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Hardness of diamond in relation to molecular model


ybk
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Hey, I have a question... okay first I had to find a real world application to this point:

 

perform a first-hand investigation, analyse information and use available evidence to model the differences in atomic arrangement of diamond, graphite and fullerenes

 

 

Well, the hardness of diamond (physical properties) is related to its molecular model...

 

 

Now, the question asks me to draw a graph and an equation; do you guys know of anyway to integrate the physical properties of a mineral for example diamond into an equation and graph...

 

for example, what equation can we include using diamond? What's the original reaction that takes place in order to create diamond?

 

thanks! :)

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I don't know exactly how to answer your question, but I can give you some information about diamond and graphite that might help you get to the next step...

 

Diamond is formed from purely covalent bonding. To have four unpaired electrons in its outer shell, diamond crystals create hybrid orbitals by placing one of the electrons in the 2s orbital into the vacant 2p orbital (Remember carbon has 2 electrons in the 2s subshell and 2 electrons in the 2p subshell). The covalent bonds formed between the new orbitals created (now termed sp^3 orbitals) are called sigma bonds. The strength of these bonds is a function of the degree to which the orbitals of neighboring atoms overlap, but I'm not sure how to quantify that into a number.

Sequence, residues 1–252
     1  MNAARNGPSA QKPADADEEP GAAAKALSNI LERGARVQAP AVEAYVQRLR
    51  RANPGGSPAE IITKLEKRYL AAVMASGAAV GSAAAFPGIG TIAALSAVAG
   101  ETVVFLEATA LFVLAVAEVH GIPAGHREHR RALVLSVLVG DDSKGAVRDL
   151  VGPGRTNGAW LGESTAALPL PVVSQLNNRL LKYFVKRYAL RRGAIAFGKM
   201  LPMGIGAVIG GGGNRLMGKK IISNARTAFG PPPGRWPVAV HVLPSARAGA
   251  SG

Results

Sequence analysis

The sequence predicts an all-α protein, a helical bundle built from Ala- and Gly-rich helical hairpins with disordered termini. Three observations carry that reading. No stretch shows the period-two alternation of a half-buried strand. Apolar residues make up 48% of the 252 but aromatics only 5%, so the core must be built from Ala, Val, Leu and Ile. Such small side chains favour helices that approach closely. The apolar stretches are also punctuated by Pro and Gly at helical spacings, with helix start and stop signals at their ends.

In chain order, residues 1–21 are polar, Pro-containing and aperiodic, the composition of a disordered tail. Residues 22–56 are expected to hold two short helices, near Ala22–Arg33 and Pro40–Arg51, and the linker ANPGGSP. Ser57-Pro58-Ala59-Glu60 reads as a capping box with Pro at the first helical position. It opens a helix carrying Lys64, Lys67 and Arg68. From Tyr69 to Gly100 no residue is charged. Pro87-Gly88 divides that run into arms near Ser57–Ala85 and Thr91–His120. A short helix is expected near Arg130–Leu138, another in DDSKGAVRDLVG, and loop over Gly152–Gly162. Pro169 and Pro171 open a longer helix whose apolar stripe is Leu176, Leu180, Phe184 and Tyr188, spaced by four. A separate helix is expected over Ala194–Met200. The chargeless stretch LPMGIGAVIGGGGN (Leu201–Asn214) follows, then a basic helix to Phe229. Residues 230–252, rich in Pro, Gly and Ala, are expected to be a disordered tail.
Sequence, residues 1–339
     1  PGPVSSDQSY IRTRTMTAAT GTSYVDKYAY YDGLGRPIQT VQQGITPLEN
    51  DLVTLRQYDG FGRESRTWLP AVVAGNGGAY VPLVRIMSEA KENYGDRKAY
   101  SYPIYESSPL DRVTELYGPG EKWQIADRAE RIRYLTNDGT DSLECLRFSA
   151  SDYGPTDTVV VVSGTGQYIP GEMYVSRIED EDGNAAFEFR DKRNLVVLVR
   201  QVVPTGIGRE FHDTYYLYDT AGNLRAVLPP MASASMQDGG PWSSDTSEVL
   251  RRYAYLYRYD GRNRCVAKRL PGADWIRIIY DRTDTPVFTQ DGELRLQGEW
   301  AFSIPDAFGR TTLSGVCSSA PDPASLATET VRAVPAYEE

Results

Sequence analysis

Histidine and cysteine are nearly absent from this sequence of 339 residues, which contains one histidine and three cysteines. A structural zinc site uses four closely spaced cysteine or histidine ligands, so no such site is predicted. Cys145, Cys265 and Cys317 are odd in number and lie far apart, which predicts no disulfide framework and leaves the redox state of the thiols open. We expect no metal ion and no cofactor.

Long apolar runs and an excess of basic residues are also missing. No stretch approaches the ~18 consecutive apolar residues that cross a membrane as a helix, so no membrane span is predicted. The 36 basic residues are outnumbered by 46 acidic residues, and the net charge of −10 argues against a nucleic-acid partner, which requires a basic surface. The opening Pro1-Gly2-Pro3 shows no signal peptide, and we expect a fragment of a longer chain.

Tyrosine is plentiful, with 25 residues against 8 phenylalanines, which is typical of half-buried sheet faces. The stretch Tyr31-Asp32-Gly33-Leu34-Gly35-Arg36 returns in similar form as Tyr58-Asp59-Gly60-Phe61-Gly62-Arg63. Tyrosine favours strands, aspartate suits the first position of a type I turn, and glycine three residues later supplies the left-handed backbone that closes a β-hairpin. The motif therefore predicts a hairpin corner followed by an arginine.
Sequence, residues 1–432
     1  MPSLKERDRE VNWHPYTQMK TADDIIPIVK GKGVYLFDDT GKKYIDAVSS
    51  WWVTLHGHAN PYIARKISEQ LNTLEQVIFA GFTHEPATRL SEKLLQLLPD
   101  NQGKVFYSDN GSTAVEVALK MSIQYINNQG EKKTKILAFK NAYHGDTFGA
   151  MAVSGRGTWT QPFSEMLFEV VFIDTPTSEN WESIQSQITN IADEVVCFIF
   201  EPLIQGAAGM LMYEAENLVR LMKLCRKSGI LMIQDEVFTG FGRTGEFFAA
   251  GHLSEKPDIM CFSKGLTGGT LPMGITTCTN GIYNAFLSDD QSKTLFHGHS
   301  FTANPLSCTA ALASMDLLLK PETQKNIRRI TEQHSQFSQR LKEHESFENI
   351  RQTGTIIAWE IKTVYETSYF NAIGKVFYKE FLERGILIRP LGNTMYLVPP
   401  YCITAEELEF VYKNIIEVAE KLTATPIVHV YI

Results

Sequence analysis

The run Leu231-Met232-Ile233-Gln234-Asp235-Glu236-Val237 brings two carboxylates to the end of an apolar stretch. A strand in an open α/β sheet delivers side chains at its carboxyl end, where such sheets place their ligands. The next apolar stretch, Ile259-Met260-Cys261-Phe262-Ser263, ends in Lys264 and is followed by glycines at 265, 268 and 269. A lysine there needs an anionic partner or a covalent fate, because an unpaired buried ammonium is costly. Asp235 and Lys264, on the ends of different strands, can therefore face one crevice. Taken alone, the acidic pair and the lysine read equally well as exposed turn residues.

Graphite is also formed by covalent bonding of carbon atoms using hybrid orbitals, but they are bonded together with pi bonds in addition to sigma bonds. These bonds allow electrons to travel between atoms with greater ease than in diamond, resulting in graphite's electric conductivity. In fact, the pi and sigma bonding in graphite makes graphite's bonds stronger than diamond's. The reason graphite is flaky and used as lead in pencils is because of the weak van der Waals forces between the sheets of graphite.

 

Hope I've helped. I'll look for some more information on fullerene, but I think it possesses both pi and sigma bonds just as graphite does.